“I don’t like people who are rolling it all together and pretend it’s one operation; it’s not,” he says. “In 2002, when we finished the first operation and withdrew, the job was done. And that, of course, is not written up – in the history, particularly.

“But after the invasion of Iraq in March 2003 – and then the Taliban seizing the opportunity to go back into Afghanistan out of Pakistan – is when we got it all wrong in my view.

“I got into a big argument in 2002 over the establishment of ISAF [International Security Assistance Force] with the Brits providing security from Kabul and I said, ‘I think it’s a really dumb idea because I don’t think it’s a very smart idea to stick military forces between two sides that want to kill each other. The history books tell us that.’ ”

As focus now shifts to the legacy of Australia’s longest war, fallen Diggers are remembered along with more than 500 others who have taken their own lives on home soil since 2001, and 260 members who were seriously injured in combat. Beyond the human toll, the war cost Australia about $10 billion.

For more than a decade, former army chief Lieutenant-General Peter Leahy has been trying to answer what seems like a simple question: How do we know when we’re at war?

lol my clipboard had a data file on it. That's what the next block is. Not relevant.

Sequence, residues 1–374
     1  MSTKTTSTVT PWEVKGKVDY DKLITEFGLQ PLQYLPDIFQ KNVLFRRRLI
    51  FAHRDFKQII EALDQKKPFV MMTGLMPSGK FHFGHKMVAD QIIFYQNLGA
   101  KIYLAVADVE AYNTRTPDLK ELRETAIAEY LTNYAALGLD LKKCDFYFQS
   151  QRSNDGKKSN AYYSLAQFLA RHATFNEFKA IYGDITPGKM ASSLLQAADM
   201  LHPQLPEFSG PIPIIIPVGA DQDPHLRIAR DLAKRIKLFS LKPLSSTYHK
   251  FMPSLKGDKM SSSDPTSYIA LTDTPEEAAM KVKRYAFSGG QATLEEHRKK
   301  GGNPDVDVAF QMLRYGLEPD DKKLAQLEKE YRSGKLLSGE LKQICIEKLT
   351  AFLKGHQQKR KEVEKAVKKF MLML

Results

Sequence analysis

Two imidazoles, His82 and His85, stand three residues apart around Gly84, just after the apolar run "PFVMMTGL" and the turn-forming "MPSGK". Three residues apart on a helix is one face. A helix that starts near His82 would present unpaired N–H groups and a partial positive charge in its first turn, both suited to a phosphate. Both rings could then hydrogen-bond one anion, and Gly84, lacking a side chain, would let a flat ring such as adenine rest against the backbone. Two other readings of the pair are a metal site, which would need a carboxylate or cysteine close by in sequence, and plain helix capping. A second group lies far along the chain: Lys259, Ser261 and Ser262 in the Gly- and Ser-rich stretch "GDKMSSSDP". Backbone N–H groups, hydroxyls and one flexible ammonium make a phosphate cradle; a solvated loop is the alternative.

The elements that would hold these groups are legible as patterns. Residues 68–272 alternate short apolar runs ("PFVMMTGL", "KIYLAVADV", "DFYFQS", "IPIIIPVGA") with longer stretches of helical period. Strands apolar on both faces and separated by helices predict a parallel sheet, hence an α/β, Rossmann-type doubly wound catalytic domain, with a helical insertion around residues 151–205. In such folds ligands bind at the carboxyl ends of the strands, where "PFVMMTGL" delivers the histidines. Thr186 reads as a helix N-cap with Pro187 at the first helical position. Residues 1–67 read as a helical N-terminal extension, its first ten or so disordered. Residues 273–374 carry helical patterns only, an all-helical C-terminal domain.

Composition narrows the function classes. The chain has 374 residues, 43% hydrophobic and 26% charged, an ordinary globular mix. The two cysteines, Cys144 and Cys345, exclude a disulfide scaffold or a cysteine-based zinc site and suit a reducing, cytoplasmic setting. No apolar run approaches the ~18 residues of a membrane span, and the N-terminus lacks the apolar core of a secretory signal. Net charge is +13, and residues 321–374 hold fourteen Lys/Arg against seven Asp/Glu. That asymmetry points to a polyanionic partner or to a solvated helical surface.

“There may be a concept of low-intensity war, but there is no such thing as a low-intensity bullet,” Leahy first wrote in 2010. “Our politicians, who misuse the rhetoric of war to declare war on terror, drugs and banks, further confuse the issue of when we really are at war.”

Fast-forward 11 years and his view has become more precise. “I have concerns that we make decisions to go to war without the full engagement of the parliament and the Australian public,” he says. “What was the strategy? Because we just stayed [in Afghanistan]. The worth of Afghanistan is to ask questions – ‘How do we make the decision to go to war?’ ‘What is the end state?’ And, ‘How long do we stay?’

“What I think is important is that we learn the lessons of this war.”

Leahy admits that Afghanistan was a war where most of the Australian public – let alone the government or the top-level military commanders – couldn’t really define what the mission involved. Despite this, it was his job to ensure his soldiers were ready for war.